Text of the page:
Personalise ads but respect user's privacy
Opt-out function is an example of how user experience and privacy can be balanced
Advertising, without taking personalisation into consideration, would be akin to shooting without a target.
Consumers who have begun browsing and purchasing on-the-go over the years have come to expect a certain degree of personalisation from the advertisements served to them.
Research proves this: Software integration vendor Talend estimated that two out of three Singaporeans want a more personalised experience when it comes to online shopping.
Over 50 per cent of respondents were found willing to provide personal information such as e-mail addresses, birth dates and clothing preferences for a personalised shopping experience.
We have now become accustomed to personalisation as a staple of marketing; think of the songs, movies and merchandise recommended by big boys Spotify, Netflix and Amazon.
The study and application of artificial intelligence has become more pervasive.
Brands are aware that consumer interest and needs can evolve over time, and data analytics can help in exposing the breadth and depth of these needs, as well as refining the relevance of the brand to each individual.
The differentiating factor lies in integrating and interpreting the data sets, and converting them into actionable insights.
Crucially, many brands have been accused of being "creepy" in their ads.
With ads now strategically placed, consumers find themselves inserted into the world of an ad without even realising it.
Every song downloaded, form filled in, credit card registered, cookie enabled, and app access privilege granted means a little less privacy.
Singaporeans, in particular, continue to value their privacy.
In a recent report by Ernst & Young, 43 per cent of Singaporeans surveyed called on the Government to adopt a more active role in monitoring online activity.
Apple, for example, has differentiated itself with its approach of collecting user data using algorithms, all without requiring a user to input private data.
To address rising safety and privacy concerns, the key is to continually work to perfect and balance user experience and user cost.
This may take time, and this may take the form of increased face-time with clients to better leverage coding tools, but user experience and user privacy need not be mutually exclusive.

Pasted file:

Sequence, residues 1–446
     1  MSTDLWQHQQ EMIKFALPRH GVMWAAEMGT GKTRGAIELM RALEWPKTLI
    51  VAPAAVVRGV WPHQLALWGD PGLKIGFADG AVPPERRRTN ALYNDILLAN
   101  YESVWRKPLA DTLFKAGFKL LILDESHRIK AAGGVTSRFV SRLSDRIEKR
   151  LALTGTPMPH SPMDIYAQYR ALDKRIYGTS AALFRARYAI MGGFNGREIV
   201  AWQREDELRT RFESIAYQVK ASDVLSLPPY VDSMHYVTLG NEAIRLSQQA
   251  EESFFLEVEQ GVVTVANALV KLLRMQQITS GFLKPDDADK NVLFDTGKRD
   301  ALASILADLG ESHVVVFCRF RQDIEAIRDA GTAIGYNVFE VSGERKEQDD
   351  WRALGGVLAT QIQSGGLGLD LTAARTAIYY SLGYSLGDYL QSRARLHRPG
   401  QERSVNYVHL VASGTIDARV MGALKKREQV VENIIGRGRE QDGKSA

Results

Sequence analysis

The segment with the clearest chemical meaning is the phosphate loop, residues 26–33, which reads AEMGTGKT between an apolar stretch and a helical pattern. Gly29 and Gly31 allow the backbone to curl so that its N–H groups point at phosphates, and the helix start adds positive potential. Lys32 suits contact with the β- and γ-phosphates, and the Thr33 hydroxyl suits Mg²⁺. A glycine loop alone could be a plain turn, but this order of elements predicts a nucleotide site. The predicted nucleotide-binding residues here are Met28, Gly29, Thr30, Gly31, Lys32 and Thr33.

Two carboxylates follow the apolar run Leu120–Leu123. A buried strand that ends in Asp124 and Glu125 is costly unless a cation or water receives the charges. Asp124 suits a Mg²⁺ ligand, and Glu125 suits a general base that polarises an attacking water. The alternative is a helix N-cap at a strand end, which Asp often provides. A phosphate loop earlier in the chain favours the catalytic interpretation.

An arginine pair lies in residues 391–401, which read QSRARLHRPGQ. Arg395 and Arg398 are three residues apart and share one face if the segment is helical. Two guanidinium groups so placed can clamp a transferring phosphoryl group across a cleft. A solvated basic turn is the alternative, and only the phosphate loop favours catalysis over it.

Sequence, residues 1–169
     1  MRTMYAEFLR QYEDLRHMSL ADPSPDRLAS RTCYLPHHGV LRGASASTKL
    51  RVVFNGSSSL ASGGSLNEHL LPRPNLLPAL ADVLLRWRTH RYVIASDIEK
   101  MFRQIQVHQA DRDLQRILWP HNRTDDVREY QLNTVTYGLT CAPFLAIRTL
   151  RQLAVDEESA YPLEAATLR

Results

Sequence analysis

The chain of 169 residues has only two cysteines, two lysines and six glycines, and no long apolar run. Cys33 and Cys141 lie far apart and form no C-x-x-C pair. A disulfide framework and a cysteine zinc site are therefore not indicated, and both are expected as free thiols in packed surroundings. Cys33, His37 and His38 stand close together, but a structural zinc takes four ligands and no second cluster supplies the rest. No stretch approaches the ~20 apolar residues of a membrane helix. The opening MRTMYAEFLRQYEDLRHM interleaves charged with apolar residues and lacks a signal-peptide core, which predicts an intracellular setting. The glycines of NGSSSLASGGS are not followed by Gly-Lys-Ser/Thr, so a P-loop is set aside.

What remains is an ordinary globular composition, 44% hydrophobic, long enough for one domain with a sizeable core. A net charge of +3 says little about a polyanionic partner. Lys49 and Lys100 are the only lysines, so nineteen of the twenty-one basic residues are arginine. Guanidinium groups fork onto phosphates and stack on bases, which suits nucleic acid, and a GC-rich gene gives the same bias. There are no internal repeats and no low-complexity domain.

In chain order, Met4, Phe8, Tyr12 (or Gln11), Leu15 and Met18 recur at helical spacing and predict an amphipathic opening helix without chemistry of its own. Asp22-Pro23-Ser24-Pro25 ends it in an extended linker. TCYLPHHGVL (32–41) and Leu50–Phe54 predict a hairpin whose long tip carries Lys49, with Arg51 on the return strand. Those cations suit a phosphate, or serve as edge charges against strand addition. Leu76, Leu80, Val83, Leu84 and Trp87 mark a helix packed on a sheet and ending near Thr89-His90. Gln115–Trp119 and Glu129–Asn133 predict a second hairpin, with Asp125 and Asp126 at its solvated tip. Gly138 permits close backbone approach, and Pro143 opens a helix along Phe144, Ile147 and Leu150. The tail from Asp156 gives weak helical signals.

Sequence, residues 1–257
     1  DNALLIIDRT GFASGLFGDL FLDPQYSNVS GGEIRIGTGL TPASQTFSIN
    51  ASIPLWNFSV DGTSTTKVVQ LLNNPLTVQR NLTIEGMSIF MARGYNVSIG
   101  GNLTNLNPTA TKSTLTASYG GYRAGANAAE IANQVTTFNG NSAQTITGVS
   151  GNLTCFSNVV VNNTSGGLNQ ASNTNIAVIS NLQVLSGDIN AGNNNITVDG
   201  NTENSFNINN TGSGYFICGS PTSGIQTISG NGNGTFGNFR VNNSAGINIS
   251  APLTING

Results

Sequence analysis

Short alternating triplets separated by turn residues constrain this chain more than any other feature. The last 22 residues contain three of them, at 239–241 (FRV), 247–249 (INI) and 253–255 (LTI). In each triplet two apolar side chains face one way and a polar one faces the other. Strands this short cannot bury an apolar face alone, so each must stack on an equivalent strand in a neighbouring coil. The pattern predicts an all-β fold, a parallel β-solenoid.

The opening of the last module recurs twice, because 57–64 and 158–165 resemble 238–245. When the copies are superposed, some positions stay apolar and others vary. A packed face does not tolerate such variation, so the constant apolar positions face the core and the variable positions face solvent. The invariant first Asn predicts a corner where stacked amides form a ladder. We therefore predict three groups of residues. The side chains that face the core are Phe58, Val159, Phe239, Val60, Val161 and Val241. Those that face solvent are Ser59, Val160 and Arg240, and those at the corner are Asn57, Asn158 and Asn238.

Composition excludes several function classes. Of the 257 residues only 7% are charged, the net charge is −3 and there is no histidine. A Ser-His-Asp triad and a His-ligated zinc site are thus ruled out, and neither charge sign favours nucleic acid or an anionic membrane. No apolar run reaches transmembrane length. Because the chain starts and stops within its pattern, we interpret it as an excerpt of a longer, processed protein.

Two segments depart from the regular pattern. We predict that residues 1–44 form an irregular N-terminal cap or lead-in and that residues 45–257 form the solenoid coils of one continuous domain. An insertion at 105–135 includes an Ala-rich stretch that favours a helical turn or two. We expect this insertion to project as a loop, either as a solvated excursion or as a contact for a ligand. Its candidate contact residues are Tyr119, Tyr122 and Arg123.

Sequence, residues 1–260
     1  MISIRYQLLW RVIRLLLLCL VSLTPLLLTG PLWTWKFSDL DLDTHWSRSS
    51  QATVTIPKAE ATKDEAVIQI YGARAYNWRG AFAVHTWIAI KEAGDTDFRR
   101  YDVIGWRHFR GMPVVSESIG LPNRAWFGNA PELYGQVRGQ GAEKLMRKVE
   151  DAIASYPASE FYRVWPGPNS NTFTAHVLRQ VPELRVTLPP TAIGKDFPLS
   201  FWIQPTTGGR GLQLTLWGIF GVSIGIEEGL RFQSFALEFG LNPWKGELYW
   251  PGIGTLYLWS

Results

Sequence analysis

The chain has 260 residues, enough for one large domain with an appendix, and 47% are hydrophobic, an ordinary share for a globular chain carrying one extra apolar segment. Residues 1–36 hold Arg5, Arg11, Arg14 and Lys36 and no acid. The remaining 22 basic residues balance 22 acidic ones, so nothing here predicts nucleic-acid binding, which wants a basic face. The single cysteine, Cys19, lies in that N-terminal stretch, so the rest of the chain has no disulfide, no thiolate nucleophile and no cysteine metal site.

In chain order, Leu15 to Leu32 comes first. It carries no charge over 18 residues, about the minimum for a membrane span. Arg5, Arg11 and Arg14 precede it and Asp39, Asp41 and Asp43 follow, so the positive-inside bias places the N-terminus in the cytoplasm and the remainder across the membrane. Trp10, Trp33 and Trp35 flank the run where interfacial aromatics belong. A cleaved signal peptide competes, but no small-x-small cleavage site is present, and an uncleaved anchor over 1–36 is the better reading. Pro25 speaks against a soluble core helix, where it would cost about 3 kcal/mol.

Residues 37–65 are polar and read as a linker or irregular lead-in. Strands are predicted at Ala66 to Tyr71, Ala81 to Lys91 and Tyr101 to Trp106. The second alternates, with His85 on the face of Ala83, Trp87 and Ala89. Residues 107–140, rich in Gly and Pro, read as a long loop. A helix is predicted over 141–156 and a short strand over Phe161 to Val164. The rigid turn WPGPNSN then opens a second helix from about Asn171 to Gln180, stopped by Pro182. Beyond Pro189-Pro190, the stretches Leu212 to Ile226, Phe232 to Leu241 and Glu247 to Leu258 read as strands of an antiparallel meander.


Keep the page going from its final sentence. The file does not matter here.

The most prominent example of this is the opt-out function.
For example, every time you search for something online, your search engine gathers information about you.
This data is analysed and used to target you with advertising, as well as to fine-tune your search results.
But search engines such as Google and Bing now allow you to opt out of this and your history will not be tracked.
Additionally, user privacy can also be considered an integral part of the user experience.
Brands that use social media advertising platforms such as Facebook, Instagram and Twitter work within a framework of user ad preferences, whereby users can manage what sort of ads they want to see.
Facebook has a "Why am I seeing this?" function, which explains why users are seeing a particular ad and allows them to add or remove themselves from audiences shown that ad.
This is an example of empowering users to take steps to protect their privacy, thereby enhancing the user experience as they would no longer be served ads that have no relevance to them.
The adoption of automation, which may improve personalised user experiences, is seemingly inevitable for all brands, but this should not be at the expense of user privacy.
In fact, control given to users over their personal data should share the same upward trend.
In a world of increasing automation, the brands that are one step ahead of the rest are those that put consumers in the driver's seat, empowering them to make informed decisions, extending beyond what data they wish to share, to where, when and with whom.
The writer is the Singapore country manager of advertising intelligence and digital media solutions firm Exponential.